Asked if he was considering going to the authorities about the hacks, or about messages — one of which was revealed in the hack — that appeared to contain a blackmail threat, Paul Manafort, 67, said “I am preserving all my options on the hacks and blackmail and will be following my lawyer’s recommendations.”
It’s not clear who sent that message, which references Manafort’s work for the Party of Regions and his alleged role in setting up a purported 2012 meeting between Trump and a Yanukovych ally. (The White House has not responded to a question about whether the meeting took place, but a White House official pointed out that Trump had not worked with Manafort before the 2016 campaign).
The message, which was attached to a text from an icloud.com address with little discernible public record, asks Manafort to respond to a different email address on a mail.ru account that has been used by a Ukrainian parliamentarian named Serhiy Leshchenko. He has alleged that Manafort was paid millions of dollars illegally by the Party of Regions.
Andrea Manafort appears to have forwarded a screenshot of the message to her father on Sept. 6, 2016 — the second-to-last day for which there are hacked messages in the data dump — writing “I imagined this is spam but wanted to pass along.”
Ten minutes later, her father responded “It is. TY” — short for “thank you.”
But Paul Manafort told POLITICO he was merely trying to put his daughter’s mind at ease, and that, in fact, before his daughter received the message, he had received similar messages from the same icloud.com address sent to directly to his cellphone. He said he did not respond to the messages, instead forwarding them to his lawyer.
Separately, sources familiar with the situation say that word had circulated in Kiev over the summer that Manafort was receiving threatening messages related to his work in Ukraine, though the sources said it was not clear from whom the messages were sent.
But Leshchenko, a former investigative journalist who has built a reputation as an anti-corruption crusader, said he never communicated with Manafort or his daughter.
In a Sunday interview with POLITICO, he alleged that the purported blackmail message was an effort to frame him, and said he planned to flag the matter for the FBI.
He contended that the icloud.com email address from which the note was sent to Andrea Manafort was not his. And he added that he had stopped using the mail.ru email address to which the note asked Manafort to respond because it had been hacked multiple times, including by someone that he believes used it to set up an icloud.com address around the time of the Manafort hack.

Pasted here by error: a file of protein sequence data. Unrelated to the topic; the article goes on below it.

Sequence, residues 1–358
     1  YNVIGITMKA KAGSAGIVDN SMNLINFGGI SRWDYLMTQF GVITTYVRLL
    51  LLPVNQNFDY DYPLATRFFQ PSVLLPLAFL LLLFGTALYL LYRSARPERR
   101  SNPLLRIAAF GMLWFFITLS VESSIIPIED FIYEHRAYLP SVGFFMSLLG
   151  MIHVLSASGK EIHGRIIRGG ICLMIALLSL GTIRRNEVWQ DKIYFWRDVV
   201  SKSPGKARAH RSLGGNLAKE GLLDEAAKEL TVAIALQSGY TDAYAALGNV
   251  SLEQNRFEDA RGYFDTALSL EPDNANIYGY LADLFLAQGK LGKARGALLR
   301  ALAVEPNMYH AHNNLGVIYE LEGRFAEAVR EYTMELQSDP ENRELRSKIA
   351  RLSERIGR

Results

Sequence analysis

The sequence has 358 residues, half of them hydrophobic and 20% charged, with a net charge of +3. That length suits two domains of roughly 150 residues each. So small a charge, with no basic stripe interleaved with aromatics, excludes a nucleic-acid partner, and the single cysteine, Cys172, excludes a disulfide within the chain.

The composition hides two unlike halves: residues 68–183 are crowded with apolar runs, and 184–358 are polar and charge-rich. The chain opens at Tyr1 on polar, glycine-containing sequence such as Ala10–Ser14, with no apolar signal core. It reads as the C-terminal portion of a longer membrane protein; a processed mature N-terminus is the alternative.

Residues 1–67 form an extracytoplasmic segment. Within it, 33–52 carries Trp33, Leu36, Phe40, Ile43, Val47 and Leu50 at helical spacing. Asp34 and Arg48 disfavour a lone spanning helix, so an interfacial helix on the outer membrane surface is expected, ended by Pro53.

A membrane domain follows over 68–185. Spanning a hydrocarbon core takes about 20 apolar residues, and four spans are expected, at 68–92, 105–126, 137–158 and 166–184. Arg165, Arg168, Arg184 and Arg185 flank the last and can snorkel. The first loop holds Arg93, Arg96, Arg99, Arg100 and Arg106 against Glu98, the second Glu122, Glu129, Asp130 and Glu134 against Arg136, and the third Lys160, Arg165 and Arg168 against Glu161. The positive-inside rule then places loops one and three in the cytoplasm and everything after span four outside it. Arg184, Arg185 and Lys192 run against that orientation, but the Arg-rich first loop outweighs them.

Leshchenko suggested that the note might have been sent to Andrea Manafort by Russian-linked forces to divert attention away from the ongoing investigations into Russian meddling in the presidential election.
“They need to prove that not only Russia influenced the U.S. elections — that it was Ukraine as well,” he said. “It muddies the picture, makes it less sharp.”
He also suggested that the note might have been the work of people allied with the administration of Ukrainian President Petro Poroshenko, whom Leshchenko has criticized for corruption. Poroshenko’s government has struggled to make inroads with Trump, amid allegations that Ukrainian officials tried to undermine Trump during the election, and Leshchenko speculated that if he were scapegoated, it might help Poroshenko on that front.
“I think that it could be Ukraine, for Poroshenko to establish contact with Trump and show that all this was the initiative of one crazy deputy,” Leshchenko said, referring to himself. (A Washington lobbyist representing a Poroshenko-linked group did not immediately respond to a request for comment.)
Leshchenko even floated the possibility that Manafort himself may have been behind the purported blackmail note to discredit documents he’s disputed that were released by the National Anti-Corruption Bureau of Ukraine that appeared to show $12.7 million in cash payments earmarked for Manafort from Yanukovych’s party.
On Monday, Manafort rejected that prospect.
“That makes no sense,” he said. “If I were trying to frame him, I would have released [the blackmail note] when I got it. Not six months later, after the ledgers had been discredited. It came out in a hack, not because I released it.”
The texts that were hacked from Andrea Manafort’s phone seem to reveal the personal costs — but also the financial benefits — of Manafort’s work for Russia-aligned interests in Ukraine, where he was widely credited as the key player behind Yanukovych’s political resurrection. After Yanukovych’s 2004 presidential election was nullified amid allegations of widespread fraud and voter intimidation, Manafort helped Yanukovych get elected prime minister in 2006 and president in 2010. Yet by late 2013, Yanukovych was facing widespread protests over government corruption.